Month in review: September


April Forristall, assistant editor

Published on
September 28, 2010

Here’s a look at September’s most-read SeafoodSource news stories and commentaries:

• It’s no surprise that the news story SeafoodSource readers were most interested in this month was on 2009 U.S. per-capita seafood consumption dropping to its lowest level since 2002. It totaled 15.8 pounds in 2009, down from 16 pounds in 2008. However, according to National Oceanic and Atmospheric Administration data, Americans spent USD 75.5 billion on seafood last year, up from USD 69.8 billion in 2008.

• Welcome to the top 10, pangasius. The affordable catfish-like species appeared on the top 10 list of America’s favorite seafood products for the first time in 2009. Pangasius claimed the No. 10 spot with 0.356 pounds per capita. Shrimp help the No. 1 position at 4.1 pounds per capita, followed by canned tuna and salmon at 2.5 pounds and 2.04 pounds, respectively.

• SeafoodSource readers also closely followed the Marine Stewardship Council’s defense of its sustainable seafood certification scheme after a critical report was published in the journal Nature. The report blasted the London-based nonprofit for certifying fisheries as sustainable when, according to the report’s authors, they do not merit such recognition. The MSC fired back, calling its program outcome-based.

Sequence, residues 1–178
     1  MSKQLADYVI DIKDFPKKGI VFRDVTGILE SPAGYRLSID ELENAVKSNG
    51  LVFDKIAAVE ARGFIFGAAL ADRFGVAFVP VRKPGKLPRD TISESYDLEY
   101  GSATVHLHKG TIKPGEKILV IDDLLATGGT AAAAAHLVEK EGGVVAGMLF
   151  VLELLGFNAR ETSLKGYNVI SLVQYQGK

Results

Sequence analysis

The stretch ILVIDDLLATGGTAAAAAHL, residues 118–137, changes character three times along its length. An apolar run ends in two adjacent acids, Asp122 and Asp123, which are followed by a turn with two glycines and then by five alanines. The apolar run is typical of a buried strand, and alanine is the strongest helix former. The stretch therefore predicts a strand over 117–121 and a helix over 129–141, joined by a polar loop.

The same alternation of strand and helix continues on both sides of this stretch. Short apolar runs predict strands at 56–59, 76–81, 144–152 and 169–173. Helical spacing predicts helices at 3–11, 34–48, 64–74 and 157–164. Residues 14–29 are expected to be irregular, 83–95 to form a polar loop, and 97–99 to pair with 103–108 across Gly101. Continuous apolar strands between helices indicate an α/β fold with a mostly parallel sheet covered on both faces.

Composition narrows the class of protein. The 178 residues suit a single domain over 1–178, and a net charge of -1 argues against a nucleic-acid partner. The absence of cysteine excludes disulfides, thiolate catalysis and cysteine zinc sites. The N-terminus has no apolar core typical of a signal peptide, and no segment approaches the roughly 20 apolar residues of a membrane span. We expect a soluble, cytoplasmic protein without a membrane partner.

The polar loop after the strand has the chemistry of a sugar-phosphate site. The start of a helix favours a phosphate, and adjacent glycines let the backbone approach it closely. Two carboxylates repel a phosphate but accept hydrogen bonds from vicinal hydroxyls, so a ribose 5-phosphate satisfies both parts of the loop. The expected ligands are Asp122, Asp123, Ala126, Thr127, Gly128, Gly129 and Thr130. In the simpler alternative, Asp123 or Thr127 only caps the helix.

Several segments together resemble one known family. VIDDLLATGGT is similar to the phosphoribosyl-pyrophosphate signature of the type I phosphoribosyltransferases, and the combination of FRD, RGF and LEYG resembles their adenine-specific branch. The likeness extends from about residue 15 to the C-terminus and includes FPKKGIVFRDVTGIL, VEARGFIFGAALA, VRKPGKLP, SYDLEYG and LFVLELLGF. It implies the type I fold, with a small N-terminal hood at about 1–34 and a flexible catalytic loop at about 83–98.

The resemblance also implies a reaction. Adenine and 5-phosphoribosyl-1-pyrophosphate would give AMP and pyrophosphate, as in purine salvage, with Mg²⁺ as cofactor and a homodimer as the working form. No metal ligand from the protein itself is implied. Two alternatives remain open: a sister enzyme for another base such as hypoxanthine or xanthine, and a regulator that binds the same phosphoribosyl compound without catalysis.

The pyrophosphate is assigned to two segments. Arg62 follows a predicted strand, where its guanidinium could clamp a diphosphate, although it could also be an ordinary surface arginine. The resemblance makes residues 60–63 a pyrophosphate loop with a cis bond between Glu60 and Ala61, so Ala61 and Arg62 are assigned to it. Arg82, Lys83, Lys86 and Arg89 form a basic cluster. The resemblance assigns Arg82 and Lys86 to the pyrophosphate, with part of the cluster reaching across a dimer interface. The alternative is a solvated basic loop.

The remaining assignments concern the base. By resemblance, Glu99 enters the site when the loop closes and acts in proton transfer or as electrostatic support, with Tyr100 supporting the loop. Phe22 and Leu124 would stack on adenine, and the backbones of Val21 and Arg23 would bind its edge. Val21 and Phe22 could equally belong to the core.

• The MSC remained in the spotlight when the World Wildlife Fund expressed concern that supermarkets in Europe and North America may inadvertently include MSC-certified Barents Sea cod when they bar Atlantic cod from their stores. SeafoodSource Contributing Editor Mike Urch said the WWF’s concerns are too little and too late to have any effect. “For the WWF to now say that some cod stocks are, in fact, responsibly managed and cod caught in these waters is all right to eat, is rather like trying to close the stable door after the horse has bolted,” said Urch.

• Sustainability continued to piqued SeafoodSource readers’ interests in September, particularly the news that Whole Foods launched a science-based seafood ratings system for categorizing the sustainability its wild seafood species, based on the Monterey Bay Aquarium’s popular Seafood Watch program. The Austin, Texas-based retailer also pledged to phase out all red-listed species by Earth Day 2013.

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